Vaccine certs scrapped for hospitality as Covid now ‘more like flu’ – expert

Potential new variants causing more severe disease could lead to reimposition of controls

Dr Kevin Kelleher talks to Paul Reid, chief executive of the HSE. Photograph: Nick Bradshaw

Dr Kevin Kelleher talks to Paul Reid, chief executive of the HSE. Photograph: Nick Bradshaw

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Covid vaccine passes are now unnecessary in hospitality settings because the Omicron variant and high levels of vaccine booster penetration means Covid is currently “more like flu”, a former member of the National Public Health Emergency Team (Nphet) has said.

However, the emergence of other variants or the further seasonal mutation of Omicron could mean they will be needed again, said Dr Kevin Kelleher, a former assistant national director with the HSE.

He was speaking after Minister for Health Stephen Donnelly defended the decision to scrap the requirement for the Covid-19 pass to access hospitality, saying that “for now” the sector should open up fully.

“What we’re experiencing now with Omicron is more like flu, and we never used the vaccine pass for that,” Dr Kelleher said. While those who are immunosuppressed might face some more risks from the hospitality sector, he said similar risks existed before with other transmissible diseases.

If a new variant were to emerge that is “more infectious but less disease-orientated”, there would be no need to reintroduce vaccine passes. “But if it turns out to be more like Alpha [the variant that was dominant in Ireland in the first half of 2021], then yes”.

He said he believes Ireland should “wait and see what comes about come summer and autumn with regards to new variants,” adding that current Covid vaccines are more effective than flu vaccines.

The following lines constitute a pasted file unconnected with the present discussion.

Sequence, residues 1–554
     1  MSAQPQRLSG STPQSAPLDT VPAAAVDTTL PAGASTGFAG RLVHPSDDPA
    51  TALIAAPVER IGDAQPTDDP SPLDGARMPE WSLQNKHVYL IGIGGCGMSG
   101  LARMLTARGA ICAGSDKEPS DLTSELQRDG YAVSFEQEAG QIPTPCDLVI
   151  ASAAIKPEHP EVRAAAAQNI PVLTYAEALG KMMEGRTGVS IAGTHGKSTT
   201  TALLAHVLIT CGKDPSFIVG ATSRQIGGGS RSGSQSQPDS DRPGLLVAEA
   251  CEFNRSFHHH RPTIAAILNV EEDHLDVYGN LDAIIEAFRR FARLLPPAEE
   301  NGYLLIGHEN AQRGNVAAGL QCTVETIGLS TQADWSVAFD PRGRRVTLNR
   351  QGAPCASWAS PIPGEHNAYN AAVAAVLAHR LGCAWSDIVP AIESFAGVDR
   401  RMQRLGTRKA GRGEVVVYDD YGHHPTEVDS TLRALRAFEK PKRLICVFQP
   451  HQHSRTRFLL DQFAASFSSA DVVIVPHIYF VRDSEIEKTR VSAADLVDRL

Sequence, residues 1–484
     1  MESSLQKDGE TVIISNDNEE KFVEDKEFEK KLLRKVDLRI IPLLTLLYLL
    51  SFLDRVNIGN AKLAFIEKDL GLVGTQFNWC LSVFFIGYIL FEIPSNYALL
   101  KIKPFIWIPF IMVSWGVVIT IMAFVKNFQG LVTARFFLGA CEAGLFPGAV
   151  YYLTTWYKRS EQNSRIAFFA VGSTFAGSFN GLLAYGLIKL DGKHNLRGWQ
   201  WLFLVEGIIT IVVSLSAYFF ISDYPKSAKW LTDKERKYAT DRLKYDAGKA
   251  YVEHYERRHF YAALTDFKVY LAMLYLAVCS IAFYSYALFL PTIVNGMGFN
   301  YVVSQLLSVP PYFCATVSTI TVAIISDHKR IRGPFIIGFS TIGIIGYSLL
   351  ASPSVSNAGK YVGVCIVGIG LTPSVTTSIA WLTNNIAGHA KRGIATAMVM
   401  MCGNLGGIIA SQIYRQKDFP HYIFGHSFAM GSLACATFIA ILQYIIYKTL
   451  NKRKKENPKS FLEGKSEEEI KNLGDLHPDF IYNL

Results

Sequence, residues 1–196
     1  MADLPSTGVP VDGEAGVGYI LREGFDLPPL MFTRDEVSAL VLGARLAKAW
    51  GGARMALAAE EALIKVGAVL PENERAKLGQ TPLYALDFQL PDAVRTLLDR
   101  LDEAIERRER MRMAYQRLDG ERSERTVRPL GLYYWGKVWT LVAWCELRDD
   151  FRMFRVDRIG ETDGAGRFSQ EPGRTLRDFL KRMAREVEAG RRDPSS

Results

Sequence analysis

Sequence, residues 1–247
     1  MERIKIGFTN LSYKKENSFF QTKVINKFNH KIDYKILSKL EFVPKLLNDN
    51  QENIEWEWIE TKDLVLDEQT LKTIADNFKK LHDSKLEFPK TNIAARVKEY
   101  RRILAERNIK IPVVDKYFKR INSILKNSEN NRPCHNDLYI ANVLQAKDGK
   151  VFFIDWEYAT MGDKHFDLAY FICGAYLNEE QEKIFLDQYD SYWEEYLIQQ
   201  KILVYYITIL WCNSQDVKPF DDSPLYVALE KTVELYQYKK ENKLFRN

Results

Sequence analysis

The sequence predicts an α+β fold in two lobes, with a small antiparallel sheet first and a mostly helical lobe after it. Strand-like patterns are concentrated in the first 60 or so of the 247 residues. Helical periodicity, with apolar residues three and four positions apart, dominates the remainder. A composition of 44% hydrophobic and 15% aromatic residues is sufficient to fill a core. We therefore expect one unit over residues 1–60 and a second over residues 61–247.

Dr Kelleher was a member of Nphet from its inception prior to the first wave of Covid until his retirement last year.

Unvaccinated risk

Mr Donnelly said that although there had been “secondary benefits”, such as reassuring the medically vulnerable that they were sitting next to a vaccinated person and driving demand for booster shots and primary vaccines, the public health rationale had now lapsed.

Speaking on Newstalk’s On the Record programme, the Minister said the pass “was broadly supported and it did work but I am satisfied that, for now anyway, the rationale is there to open up hospitality fully”.

He said unvaccinated people were putting themselves at risk.

“I think it is on them, if they choose not to get vaccinated they are knowingly putting themselves at significantly higher risk. But ultimately that is a choice for them,” he said, agreeing the political judgment had been made that it is a choice for these people rather than a public duty to protect them.

“The emergency powers we brought in are very serious, and we’re talking about curtailing peoples’ civil liberties, their economic liberties. They should only be done when there’s a very strong public health rationale,” he said.

Mr Donnelly also indicated that emergency powers due to expire at the end of March would be allowed to do so unless there is “a clear and present danger that needs to be addressed”.

Mr Donnelly said that a little less than half of the number of people in hospital with the disease had “incidental” Covid and were not being treated primarily for the virus – “and that number has been growing and growing”.

Meanwhile, only about one in five patients in intensive care with Covid has had a booster, and almost all of them have underlying conditions, he said.

There was also a large number of long-stay patients, probably infected with the Delta variant, the Minister said.

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